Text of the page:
The ixia Public Art Survey 2013 has highlighted a marginal increase in funding for the public art sector, which saw the value of work rise from £55m in 2012 to £58m in 2013. But the figures mask a decline in the number of jobs in the sector and falling artist fees.

During 2013, at least 880 people were working in the public art sector in a full-time, part-time or freelance capacity: a fall of 10% from 2012, and a fall of 32% from 2011. There has also been a 30% decline in the number of consultants working in the sector since 2012.

This fall in employment as the market appeared to grow is partly explained by ‘economic lag’ linked to the recession – the allocation of funding which has not yet been spent. But it also reflects an increase in the proportion of larger projects – especially around the Cultural Olympiad, where production costs were proportionately higher than artists’ and project management fees.

Overall, the age profile of the workforce continued to rise slightly. Since 2012, the proportion of those in the 25 to 44 age group decreased from 38% to 35% of the total, while those in the 45 to 64 age group increased from 56% to 58%. The survey continued to show a predominantly female workforce, with the female age profile being distinctly younger than the male age profile.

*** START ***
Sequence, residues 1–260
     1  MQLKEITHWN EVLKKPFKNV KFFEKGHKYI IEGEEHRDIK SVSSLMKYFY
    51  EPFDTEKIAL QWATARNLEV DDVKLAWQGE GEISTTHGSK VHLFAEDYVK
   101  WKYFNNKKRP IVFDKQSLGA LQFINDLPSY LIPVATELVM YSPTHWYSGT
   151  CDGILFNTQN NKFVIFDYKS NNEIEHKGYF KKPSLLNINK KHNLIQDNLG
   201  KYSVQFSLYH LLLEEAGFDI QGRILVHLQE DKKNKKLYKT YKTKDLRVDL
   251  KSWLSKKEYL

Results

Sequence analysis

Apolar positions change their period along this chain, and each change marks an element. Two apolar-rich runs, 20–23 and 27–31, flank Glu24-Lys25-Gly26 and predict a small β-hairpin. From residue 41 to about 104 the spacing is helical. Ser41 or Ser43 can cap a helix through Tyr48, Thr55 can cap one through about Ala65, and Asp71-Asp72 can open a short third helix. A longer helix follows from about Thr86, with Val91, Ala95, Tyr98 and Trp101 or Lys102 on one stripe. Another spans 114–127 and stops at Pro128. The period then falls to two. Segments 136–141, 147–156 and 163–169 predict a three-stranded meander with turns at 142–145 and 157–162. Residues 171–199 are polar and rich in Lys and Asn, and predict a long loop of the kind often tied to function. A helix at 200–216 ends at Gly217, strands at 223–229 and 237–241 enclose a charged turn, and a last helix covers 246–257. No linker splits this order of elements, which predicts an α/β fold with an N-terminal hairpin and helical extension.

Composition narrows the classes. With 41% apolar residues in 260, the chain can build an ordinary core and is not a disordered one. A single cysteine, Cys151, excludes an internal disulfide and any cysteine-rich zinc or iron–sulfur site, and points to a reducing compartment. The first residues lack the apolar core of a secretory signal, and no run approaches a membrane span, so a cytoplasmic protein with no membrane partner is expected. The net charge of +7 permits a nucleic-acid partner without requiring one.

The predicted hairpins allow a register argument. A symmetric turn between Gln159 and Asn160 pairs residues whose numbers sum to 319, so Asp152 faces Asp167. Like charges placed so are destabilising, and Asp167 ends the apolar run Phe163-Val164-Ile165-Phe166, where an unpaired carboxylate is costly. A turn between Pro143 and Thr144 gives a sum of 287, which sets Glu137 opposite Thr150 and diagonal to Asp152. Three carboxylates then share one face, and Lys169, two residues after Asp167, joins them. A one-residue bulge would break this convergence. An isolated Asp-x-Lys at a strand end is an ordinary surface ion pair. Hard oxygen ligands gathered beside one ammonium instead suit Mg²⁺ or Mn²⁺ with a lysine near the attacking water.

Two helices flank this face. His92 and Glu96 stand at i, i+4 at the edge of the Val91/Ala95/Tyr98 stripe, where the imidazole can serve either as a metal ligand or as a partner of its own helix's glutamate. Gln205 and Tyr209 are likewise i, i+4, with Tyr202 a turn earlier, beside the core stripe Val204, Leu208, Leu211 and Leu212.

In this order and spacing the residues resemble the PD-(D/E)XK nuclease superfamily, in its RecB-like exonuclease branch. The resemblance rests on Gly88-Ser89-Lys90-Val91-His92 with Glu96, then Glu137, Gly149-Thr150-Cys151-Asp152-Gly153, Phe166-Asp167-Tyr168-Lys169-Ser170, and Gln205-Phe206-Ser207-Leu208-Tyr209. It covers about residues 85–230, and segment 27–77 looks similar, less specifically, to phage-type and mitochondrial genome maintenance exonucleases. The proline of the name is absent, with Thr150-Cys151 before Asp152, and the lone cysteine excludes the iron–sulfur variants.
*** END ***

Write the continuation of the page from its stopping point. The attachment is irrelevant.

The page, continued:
Private sector money

The main driver for public art continued to be private sector money aligned to public sector policy. Financial analysis is complex as projects commonly take place over several years, resulting in varying degrees of economic lag from the allocation of funding for a project through to the commissioning of an artist and the completion of a project.

Over the three years from 2011 to 2013, the overall value of the public art sector was around £167m, of which £90m was raised via the capital budgets and planning agreements generated by local authorities. Their spend on public art increased from £29m in 2012 to £37m in 2013. The recovery in the housing and development sectors and the inclusion of cultural well-being and public art within national planning policies are identified as contributing to more funding and opportunities for public art at a local level, something which should filter through to artists over the coming years.

As in previous years, the dominant characteristic of the sector was its non-institutional and fragmented structure, encompassing a variety of disciplines, a diverse range of public and private sector organisations and a wide range of work and employment contexts. Socially-engaged practice and art and architecture remained the most typical forms of public art projects, with outdoor arts and events-based activities showing a steady growth in popularity.

Article originally published by Arts Professional